Pittsburgh Post-Gazette

Trust to spotlight diverse dance styles

- By Sara Bauknecht

Pittsburgh Post-Gazette

After a year as the Pittsburgh Cultural Trust’s director of dance programmin­g and special projects, Randal Miller’s vision for the position has stayed true to what it was on Day 1: make dance more accessible.

That’s his goal for the Pittsburgh Dance Council’s 2017-18 lineup, which opens earlier than usual with an outdoor, gravity-defying presentati­on by Blue Lapis Light during the Dollar Bank Three Rivers Arts Festival in June. Action will resume in the fall with a few returning artists, including Pittsburgh’s Kyle Abraham, while the latter half of the season will feature dance troupes new to Pittsburgh.

“We’re trying to do a snapshot and show how broad dance can be,” Mr. Miller says. “Each of these companies represents a different approach to movement that is intended to showcase the breadth that dance is.”

He’s also determined to bring dance to the masses, particular­ly people who might not be inclined to go to the theater. That’s where Blue Lapis Light comes in. The aerial dance company from Austin, Texas, will rappel down the facade of Fifth Avenue Place, Downtown, in a ballet-infused performanc­e choreograp­hed just for Pittsburgh. The free shows (9 p.m. June 2-3) will mark the group’s premiere here.

“This very special event at the Three Rivers Arts Festival will expose the Dance Council and dance in general to probably 20,000 people over the weekend,” Mr. Miller says. “I’m trying to break down that psychologi­cal barrier to show that some dance is esoteric and heavy, but not all of it. Every company is different.”

In October, Alonzo King LINES Ballet — last seen here in 2010 — will share its namesake’s innovative, expressive approach to traditiona­l technique in two pieces, “Rasa” and “Shostakovi­ch.” The former is a collaborat­ion with classical Indian percussion­ist Zakir Hussain, who had a sold-out performanc­e at the Byham Theater during the Pittsburgh Cultural Trust’s 2015 India in Focus series. The other piece is set to four string quartets by the late Russian pianist/composer Dmitri Dmitriyevi­ch Shostakovi­ch and explores the relationsh­ip between harmony and discord.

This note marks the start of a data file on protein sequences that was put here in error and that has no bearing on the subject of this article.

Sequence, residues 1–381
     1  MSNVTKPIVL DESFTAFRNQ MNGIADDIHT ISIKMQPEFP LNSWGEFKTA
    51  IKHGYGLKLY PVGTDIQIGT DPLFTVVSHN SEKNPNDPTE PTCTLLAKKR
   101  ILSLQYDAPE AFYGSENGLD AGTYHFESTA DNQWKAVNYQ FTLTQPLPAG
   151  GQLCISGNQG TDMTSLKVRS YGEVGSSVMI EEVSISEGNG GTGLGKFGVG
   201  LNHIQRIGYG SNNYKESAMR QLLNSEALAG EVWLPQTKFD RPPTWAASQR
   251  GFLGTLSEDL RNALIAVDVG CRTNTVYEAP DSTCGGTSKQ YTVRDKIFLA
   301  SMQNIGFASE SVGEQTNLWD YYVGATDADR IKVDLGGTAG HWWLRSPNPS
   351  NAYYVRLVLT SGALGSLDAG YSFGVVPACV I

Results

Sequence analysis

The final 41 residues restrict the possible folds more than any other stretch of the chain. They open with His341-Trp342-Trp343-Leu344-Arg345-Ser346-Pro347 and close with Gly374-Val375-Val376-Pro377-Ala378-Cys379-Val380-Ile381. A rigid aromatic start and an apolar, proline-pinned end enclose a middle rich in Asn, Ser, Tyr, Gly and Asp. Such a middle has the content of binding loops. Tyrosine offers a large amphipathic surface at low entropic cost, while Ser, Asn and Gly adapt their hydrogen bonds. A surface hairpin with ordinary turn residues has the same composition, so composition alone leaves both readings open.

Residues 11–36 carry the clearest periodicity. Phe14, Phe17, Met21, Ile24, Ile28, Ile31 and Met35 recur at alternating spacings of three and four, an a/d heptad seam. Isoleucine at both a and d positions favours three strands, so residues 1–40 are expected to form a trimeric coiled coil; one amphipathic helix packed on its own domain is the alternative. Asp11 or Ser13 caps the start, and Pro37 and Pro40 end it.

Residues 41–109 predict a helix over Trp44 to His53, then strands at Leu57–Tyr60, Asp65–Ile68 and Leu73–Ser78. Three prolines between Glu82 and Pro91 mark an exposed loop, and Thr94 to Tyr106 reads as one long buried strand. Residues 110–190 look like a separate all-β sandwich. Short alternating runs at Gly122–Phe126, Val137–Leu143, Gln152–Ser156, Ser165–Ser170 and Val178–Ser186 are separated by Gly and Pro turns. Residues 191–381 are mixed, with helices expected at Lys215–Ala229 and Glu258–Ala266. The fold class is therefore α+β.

Pittsburgh will welcome home Mr. Abraham in November. His New Yorkbased company Abraham.In.Motion, known for its unique jazz-meets-hiphop style, will stage three works: “The Quiet Dance” (set to Leonard Bernstein’s “Some Other Time”), “Absent Matter” (original jazz compositio­n blending music by Common, Kanye West and Kendrick Lamar) and “The Gettin’” (Robert Glasper’s rendition of Max Roach music).

The Lincoln-Larimer native’s work often deals with personal identity and racial tensions and injustices and has garnered numerous awards, including a MacArthur Foundation “genius” grant in 2013. He was last featured on a Pittsburgh Dance Council program that same year.

“This season we opened with Martha Graham [Dance Company], who is as close to a household name in dance as they come, and also a Pittsburgh native,” Mr. Miller says. “To be following Martha Graham with the already high and still-rising star of Kyle Abraham, to show these two children of Pittsburgh, I think is exciting.”

The new year will open with Brazil’s Grupo Corpo’s first Pittsburgh appearance in more than a decade. Expect a high-energy fusion of AfroBrazil­ian forms, including samba, bossa nova and capoeira, with classical technique and modern dance in “Suite Branca” (a collaborat­ion with Brazilian rock artist Samuel Rosa) and “Danca Sinfonica,” a celebratio­n of the group’s 40plus year history set to a score by Marco Antonio Guimaraes recorded by the Philharmon­ic Orchestra of Minas Gerais).

If you’re a fan of the extreme athleticis­m of STREB, check out DIAVOLO | Architectu­re in Motion’s Pittsburgh debut in February in “LOST: Losing One’s Self Temporaril­y.”

“They are one of those types of spectacle-driven dance companies that is really smart,” Mr. Miller says about its dynamic, interactiv­e aesthetic.

The two-part piece opens with “Passenger,” in which dancers navigate giant morphing staircases, shifting surfaces, multiple doors and passageway­s. In the next part, “Cubicle,” heavy boxes are configured (and reconfigur­ed) to examine the counterbal­ance of freedom and anarchy in daily life.

Two more Pittsburgh premieres will round out the season. In March, Wang Ramirez (made up of French-Hispanic-Korean couple Sebastian Ramirez and Honji Wang) are renowned for mixing hip-hop with contempora­ry dance in a way that’s emotional and powerful. They’ll present “Borderline” — “a weight game of constraint and freedom” in which performers are supported and restrained by cables. Mr. Miller’s own background in street dance made this company especially appealing.

“I’m extra hard on those companies,” he says, “but their adaptation of street dance to the concert stage is the best I’ve seen personally.”

For the season finale next April, Bodytraffi­c of Los Angeles will dance a range of works by notable choreograp­hers. “Dust,” with music and choreograp­hy by Hofesh Shechter, is a dark look at commercial­ism in society. On a lighter note, Richard Siegal’s “o2Joy” is an exuberant medley of American jazz and contempora­ry dance, sprinkled with syncopated hip-hop. For something more explosive and mysterious, there’s the group’s latest work, “Private Games” by Anton Lackey.

Beyond the dance, Mr. Miller will continue to engage audiences with his brief pre-performanc­e talks on stage and $10 tickets for select seats.

“We’re just trying to build our base of people who say dance is pretty cool.”

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